About the author:
Erin Steiner is a writer and vlogger from Portland, Oregon. She has written extensively about small business, personal finance and internet related topics.
Image ‘Social Network’ courtesy of Renjith Krishnan/FreeDigitalPhotos.Net
Image ‘Malice’ courtesy of Rattigon/FreeDigitalPhotos.Net
As a sales manager when I get together with some of my colleagues the conversation is often centered on what deals each of our teams has closed. My colleagues seem focused on the size of the deal or the number of deals coming in. One day I decided to ask a question that seemed to confuse them all: where do your sales opportunities actually come from?
I received various answers from leads, customers, phone calls and even the internet. The real question that I should’ve asked is “what steps did you or your team take to win those sales and how are you tracking that.” When I did pose that question; I received mostly silence and one of my colleagues even challenged me on why it is even important.
Quite simply; it’s critically important to track the steps or processes you used to generate new sales so you can emulate what is working and stop doing the things that aren’t. If you aren’t tracking what you did to generate a sale; how do you know what made the customer buy or how that customer learned about your product or service. Personally, I don’t like to leave the sales of my company up to chance.
My colleagues of course demanded to know how I do this and again my answer was simple. I use an automated online CRM system to track where my sales opportunities come from.
The system called Commence CRM has a customizable sales source button that allows me to put in my sources and track them accordingly. Some examples of my sales sources are cold calls, referrals, website inquiries, e-mail campaigns and inbound calls. It also allows me to track new business opportunities by industry so that I can determine if we are doing better in one industry sector verses another.
When I started using Commence CRM to track how sales were being generated I discovered that I had a sales person who was a very strong prospector; he was getting appointments, doing presentations and closing sales. His formula seemed to work very well, and the key was knowing where the lead was being generated from and what industry the prospect was in. He used the strength of the company’s customer base and testimonials to support that he had a solid solution designed specifically for their industry the prospect was in. His success drove me to want to emulate this process for the entire sales staff.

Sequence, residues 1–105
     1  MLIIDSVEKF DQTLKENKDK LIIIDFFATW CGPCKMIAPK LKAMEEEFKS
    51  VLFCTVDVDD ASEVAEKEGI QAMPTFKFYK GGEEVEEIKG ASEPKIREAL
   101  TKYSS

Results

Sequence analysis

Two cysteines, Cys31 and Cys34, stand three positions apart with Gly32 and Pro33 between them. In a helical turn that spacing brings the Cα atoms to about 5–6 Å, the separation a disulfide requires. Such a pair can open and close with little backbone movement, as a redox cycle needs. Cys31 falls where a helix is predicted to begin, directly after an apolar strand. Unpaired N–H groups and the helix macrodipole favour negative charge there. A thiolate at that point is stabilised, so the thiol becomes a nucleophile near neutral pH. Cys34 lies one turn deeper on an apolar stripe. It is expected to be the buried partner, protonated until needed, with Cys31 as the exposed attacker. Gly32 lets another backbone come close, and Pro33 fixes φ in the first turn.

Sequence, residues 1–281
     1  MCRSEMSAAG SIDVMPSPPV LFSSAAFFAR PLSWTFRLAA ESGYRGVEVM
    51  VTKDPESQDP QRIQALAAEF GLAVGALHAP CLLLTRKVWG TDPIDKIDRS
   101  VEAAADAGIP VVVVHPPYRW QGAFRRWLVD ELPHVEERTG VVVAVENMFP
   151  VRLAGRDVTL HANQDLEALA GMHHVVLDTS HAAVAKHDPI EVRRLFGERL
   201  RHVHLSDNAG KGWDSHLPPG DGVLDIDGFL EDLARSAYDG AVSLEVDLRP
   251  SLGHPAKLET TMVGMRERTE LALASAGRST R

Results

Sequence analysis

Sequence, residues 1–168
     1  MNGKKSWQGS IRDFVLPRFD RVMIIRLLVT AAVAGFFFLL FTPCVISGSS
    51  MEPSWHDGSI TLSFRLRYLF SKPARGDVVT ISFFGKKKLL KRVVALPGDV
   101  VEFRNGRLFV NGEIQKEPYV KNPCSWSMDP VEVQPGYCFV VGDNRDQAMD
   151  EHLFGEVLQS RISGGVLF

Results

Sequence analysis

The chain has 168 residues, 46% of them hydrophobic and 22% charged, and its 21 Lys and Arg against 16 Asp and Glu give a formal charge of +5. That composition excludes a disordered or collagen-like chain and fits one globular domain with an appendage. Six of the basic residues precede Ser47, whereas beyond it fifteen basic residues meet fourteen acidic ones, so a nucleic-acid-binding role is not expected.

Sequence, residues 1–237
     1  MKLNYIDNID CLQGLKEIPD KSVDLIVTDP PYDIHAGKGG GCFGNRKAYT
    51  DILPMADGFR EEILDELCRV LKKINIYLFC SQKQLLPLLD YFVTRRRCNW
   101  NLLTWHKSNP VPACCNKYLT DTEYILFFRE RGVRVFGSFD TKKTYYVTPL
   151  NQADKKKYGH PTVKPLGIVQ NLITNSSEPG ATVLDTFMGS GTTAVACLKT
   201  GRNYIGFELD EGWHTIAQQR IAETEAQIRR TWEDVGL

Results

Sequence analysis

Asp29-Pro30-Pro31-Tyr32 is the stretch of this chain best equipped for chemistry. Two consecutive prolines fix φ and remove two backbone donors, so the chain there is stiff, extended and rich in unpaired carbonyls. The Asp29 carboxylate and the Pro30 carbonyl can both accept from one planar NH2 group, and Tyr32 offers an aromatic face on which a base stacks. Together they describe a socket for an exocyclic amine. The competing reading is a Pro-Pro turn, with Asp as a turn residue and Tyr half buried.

Needless to say my colleagues became convinced that tracking what sources you are using to generate sales can play a vital role in increasing your chances of winning business. They also had an increased interest in using a CRM tool to track this sort of data.
About the author:
Tom Gibson is a sales manager who is considered an expert on sales techniques, CRM and business development.
Commence Corporation, a leading provider of online CRM software, has teamed up with Dave Kahle of the Kahle Way sales system to provide customers with a winning formula for improving sales execution and performance. Start with a top rated CRM solution for contact and account management, lead management, sales opportunity and pipeline management, sales reporting and sales workflow automation. Complement this with sales representative and sales management training from an industry expert to create and implement a structured sales process that will deliver more sales more quickly.
The Kahle Way® Sales Management System focuses on enriching salespeople and transforming sales organizations by first creating a sales process that delivers results, then automating the process using Commence Corporation’s online CRM software. This combination has proven to streamline the sales process, improve close ratios and deliver accurate monthly and quarterly sales reporting.
“We have found that many small to mid-size companies have not implemented a structured sales process.” says Tom Gibson, sales manager at Commence. “Our CRM software provides the ability to automate the sales process, but the customer must first outline the process they wish to use. The Kahle Way provides sales managers and salespeople with a structured process that works, and reinforces sales best practices such as:
These are just several of the Kahle Way processes incorporated right within the Commence CRM software. This enables customers to get going quickly and see results faster. It just makes sense.” says Gibson. “Match high quality sales training with a top rated online CRM solution and you are going to improve close ratios, win more business and streamline your sales process.”
A best practice for sales people by Dave Kahle, author and leading sales educator.
The best salespeople are habitual goal-setters. There’s a good reason for that. When you set a goal, you survey the world of all possible things that you could possibly do, and decide which of those things are the most important. You then turn that decision into a goal. And that goal then influences your day-to-day, week-to-week, and month-to-month decisions.
I’ve often maintained that a field salesperson has a set of decisions to make, over and over in the course of every single day. Those decisions are these:
Who to see?
What to do?
Where to go?